Few sites evoke such a sense of awe and history as a crumbling castle. Here, from the pages of Make The Most Of Your Time In Britain, we pick five favourites. Let us know your top castles below.
For sheer grey-stone solidity, nothing beats Conwy Castle with its eight massive round towers arranged squarely on the banks of the Conwy Estuary. Completed in 1287, this “Iron Ring” edifice was finished in less than five years, complete with associated “bastide” town. The two worked in symbiosis: the castle was kept supplied by the merchants who were protected by the mile-long ring of town walls. The wall walk still gives the best views of both castle and town.
Carreg Cennen is the most romantically sited of all native Welsh castles, perched on its craggy, limestone hill, often with mist swirling around the lower slopes. There’s something wild and preternaturally Welsh about this isolated locale on the edge of the heather-purpled Black Mountains. On the south side a steep cliff plummets down to the bucolic valley of the River Cennen below; you can descend via a vertiginous stairway tunnel cut into the cliff face.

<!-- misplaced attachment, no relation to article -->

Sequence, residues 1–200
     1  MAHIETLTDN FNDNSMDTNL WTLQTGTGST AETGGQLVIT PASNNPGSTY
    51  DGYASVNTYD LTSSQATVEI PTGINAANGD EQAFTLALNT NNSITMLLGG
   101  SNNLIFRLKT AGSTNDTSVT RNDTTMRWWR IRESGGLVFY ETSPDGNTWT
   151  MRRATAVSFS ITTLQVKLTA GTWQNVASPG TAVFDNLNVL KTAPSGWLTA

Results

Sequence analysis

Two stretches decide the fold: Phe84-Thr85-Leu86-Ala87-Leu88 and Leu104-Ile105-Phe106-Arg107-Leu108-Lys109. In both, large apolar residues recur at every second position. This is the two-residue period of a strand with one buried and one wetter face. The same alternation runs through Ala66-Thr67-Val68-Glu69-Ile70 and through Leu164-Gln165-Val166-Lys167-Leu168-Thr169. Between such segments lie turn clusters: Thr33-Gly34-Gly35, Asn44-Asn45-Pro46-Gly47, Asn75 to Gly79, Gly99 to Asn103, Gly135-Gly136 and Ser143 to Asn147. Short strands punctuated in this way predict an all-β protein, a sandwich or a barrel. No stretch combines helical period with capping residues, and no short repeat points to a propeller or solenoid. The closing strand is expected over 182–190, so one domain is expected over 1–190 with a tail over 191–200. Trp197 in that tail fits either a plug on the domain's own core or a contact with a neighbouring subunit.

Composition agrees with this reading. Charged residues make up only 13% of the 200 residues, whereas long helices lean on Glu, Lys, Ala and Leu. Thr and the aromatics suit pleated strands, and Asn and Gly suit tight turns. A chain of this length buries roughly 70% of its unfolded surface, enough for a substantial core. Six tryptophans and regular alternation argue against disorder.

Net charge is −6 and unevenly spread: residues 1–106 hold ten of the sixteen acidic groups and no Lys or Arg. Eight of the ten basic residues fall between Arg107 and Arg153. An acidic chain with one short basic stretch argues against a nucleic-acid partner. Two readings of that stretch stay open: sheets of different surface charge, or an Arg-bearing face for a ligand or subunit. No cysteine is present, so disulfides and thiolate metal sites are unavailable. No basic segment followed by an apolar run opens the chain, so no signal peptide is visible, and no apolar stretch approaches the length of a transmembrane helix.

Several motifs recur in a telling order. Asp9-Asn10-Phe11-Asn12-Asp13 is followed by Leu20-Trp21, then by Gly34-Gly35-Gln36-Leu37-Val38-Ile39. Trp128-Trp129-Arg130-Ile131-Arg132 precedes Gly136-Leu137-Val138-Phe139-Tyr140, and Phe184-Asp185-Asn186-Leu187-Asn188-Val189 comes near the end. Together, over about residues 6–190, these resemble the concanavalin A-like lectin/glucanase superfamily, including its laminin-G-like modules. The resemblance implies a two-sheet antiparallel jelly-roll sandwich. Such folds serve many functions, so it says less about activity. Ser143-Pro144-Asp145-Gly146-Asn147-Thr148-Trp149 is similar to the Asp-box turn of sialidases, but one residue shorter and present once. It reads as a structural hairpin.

The ruinous state of Dinas Brân – Crow’s Fortress Castle – high above the town of Llangollen, almost puts it out of contention as a castle. It is really just a short stretch of crumbling thirteenth-century masonry and a few vaulted arches, but there are few better places in Wales to watch the sun set over the bucolic Dee Valley and ponder the English–Welsh power struggles that gave rise to this borderlands relic.
More like a Welsh chateau than a real castle, Penrhyn stands as a testament to nineteenth-century class divisions. While the workers hacked away at the nearby slate quarries, their masters created a vulgar but compelling neo-Norman fancy complete with five-storey keep. Everything is on a massive scale, from the 3ft-thick oak doors and halls of fine art – Canaletto, Gainsborough, Rembrandt – to a slate bed, designed for Queen Victoria’s visit.
Caernarfon Castle is both the most recognized Welsh castle and its least typical. It eschews the ancient square form and stronger rounded fortifications in favour of distinctive polygonal towers, the supreme development of “Iron Ring” architect James of St George. The largely intact walls are riddled with passageways that eventually deliver you to the ramparts, with fabulous views of the ancient town of Caernarfon to Snowdonia beyond.